NASA and the Canadian Space Agency have launched the deep Space Food Challenge, the second phase of which offers up to $1 million to the best team.
The challenge aims to solicit innovative, scientific and sustainable solutions to food systems, and requires both resource utilization and food safety to meet the “dual standards”. In other words, space food should not only use the least resources and produce the least waste, but also provide astronauts with safe, balanced and delicious space food.
Due to the special conditions of space, astronauts will lose their appetite and taste sensitivity in the weightless environment. In addition, their bodies may suffer from osteoporosis and other changes, and they have a high demand for timely nutrition supplement. In particular, they are usually on space missions for a certain amount of time, so their nutritious meals on the space station are important “logistical support.”
Space food has been upgraded from toothpaste-like “squeeze” food to space cans and vacuum packs. Usually, astronauts carry food with them for a limited time. In addition, considering the possible impact of food residues floating in the space environment, there are certain requirements for the form of food, such as solid, all edible, no residue, no excessive kitchen waste.
With the development of technology and the acceleration of Mars missions and lunar exploration projects in recent years, new food systems need to be developed urgently.
“We are looking for innovative solutions to provide long-term food for astronauts within the constraints of the space environment. Pushing the boundaries of food technology will keep future astronauts healthy.” Jim Root, associate administrator for NASA’s Space Technology Mission Directorate.
With four astronauts on a three-year mission to provide adequate security, the DEEP Space Food Challenge asks participants to provide a new food production technology, system or method that can be integrated into the complete food system. And fully integrated food storage, preparation and transportation, including production, processing, transportation, consumption and waste treatment.
In the first stage of each food system design, the participating teams’ technology is “unique”. In terms of the variety of food, the technology to produce ready-to-eat food such as bread, and dehydrated powder that can be processed into food; In terms of food storage, the preservation period of food may be extended to five years; Other technologies involve 3D-printed soil for growing plants, fungi or engineered food, such as growing meat cells, using food-grade microbes and 3D printing to convert carbon dioxide and waste streams directly into food.
Moreover, the above technologies are easy to operate, sustainable and executable for astronauts. Judging from the technologies of the winning teams in the first phase of the challenge, future food in space may be less dependent on the environment and resource supply, with more food sources, more variety of food through convenient technology, and better taste and personality.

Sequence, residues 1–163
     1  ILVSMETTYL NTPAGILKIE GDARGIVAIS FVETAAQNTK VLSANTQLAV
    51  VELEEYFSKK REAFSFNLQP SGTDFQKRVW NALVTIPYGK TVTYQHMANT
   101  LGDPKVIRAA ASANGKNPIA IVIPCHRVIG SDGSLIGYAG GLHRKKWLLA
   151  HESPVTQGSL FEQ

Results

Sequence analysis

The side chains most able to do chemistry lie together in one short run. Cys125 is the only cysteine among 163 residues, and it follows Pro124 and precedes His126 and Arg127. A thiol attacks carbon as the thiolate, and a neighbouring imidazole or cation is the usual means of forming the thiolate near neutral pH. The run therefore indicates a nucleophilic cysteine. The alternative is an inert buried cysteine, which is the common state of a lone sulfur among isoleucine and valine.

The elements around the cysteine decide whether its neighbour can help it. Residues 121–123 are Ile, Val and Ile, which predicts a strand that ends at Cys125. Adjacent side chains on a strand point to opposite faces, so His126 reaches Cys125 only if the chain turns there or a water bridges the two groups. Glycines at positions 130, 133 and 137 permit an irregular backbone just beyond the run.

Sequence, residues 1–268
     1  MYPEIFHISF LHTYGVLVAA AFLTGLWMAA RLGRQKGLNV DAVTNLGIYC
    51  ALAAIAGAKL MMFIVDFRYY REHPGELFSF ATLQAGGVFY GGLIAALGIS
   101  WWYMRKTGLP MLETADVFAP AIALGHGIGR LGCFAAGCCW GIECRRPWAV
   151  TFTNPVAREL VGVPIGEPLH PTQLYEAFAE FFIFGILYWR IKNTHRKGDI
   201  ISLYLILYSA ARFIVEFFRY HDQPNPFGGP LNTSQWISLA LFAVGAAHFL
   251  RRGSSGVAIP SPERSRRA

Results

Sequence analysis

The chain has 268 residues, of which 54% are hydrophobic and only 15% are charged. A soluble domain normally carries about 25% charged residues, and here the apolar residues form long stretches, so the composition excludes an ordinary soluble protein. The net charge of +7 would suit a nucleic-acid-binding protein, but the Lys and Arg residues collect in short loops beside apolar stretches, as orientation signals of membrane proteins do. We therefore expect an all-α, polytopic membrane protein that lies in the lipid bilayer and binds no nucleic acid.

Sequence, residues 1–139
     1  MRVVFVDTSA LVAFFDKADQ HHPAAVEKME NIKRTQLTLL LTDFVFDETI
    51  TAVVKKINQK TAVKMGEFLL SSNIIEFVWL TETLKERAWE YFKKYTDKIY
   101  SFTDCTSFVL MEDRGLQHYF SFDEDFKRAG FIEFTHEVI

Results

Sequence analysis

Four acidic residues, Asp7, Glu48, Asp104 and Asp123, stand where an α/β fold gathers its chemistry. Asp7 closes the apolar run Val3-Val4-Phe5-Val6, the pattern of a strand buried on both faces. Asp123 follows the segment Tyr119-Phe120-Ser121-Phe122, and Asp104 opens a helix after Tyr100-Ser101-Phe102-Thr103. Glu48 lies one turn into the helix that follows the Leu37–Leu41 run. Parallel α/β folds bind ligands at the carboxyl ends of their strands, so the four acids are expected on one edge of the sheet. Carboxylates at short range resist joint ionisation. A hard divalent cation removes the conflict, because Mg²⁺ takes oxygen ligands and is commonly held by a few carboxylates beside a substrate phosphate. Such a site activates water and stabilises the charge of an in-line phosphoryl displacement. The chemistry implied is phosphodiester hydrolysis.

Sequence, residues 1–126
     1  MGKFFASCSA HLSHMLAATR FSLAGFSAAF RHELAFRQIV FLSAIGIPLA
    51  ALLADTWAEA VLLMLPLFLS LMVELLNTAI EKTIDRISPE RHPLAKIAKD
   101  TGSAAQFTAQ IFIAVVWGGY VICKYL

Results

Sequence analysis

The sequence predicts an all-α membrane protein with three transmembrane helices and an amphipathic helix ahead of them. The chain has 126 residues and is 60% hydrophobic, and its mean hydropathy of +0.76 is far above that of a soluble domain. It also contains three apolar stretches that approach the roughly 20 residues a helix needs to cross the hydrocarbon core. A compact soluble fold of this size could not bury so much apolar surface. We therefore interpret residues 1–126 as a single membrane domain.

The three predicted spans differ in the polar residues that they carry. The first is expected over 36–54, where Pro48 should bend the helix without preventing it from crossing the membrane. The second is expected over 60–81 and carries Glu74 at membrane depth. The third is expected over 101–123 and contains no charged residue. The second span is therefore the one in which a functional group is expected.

The challenge will begin in January 2021, and the first phase of the challenge will be completed in October 2021. In order to encourage more teams to join the competition and demonstrate the possibility of more emerging technologies, the financial incentives are fully set up. In the first phase of the challenge, 18 US teams were awarded a total of us $450,000 by NASA for innovative food production technology concepts.
In addition, NASA and the Canadian Space Agency jointly recognized 10 international teams for their award-winning technologies. To further support innovative technologies, the Challenge’s supporting partner, Methuselah Foundation, has awarded two $25,000 awards to international teams, while the Canadian Space Agency has awarded an additional $30,000 to each of the 10 teams.
The combination of these plant-growing systems, processed foods and ready-to-eat solutions not only has the potential to provide more diverse options for future astronauts. The new food system technology also has the potential to be a special experience for passengers who want to travel into space, which is becoming increasingly popular.
This new food system technology will be needed as a solution to increase food production not only in the space environment, but also in the earth environment, where food is rebuilt after disasters such as floods or droughts, or where food shortages are caused by adverse changes. Vertical agriculture, urban agriculture, and other new food production areas will also need this new food system technology as a solution to increase food production.
“These new food system can bring benefits for our home,” NASA’s international space station program director and challenge the judges robin carstens says, “cope with the challenges of the solution can key infrastructure for scarce resources and disasters in the area of global food production area in new ways.”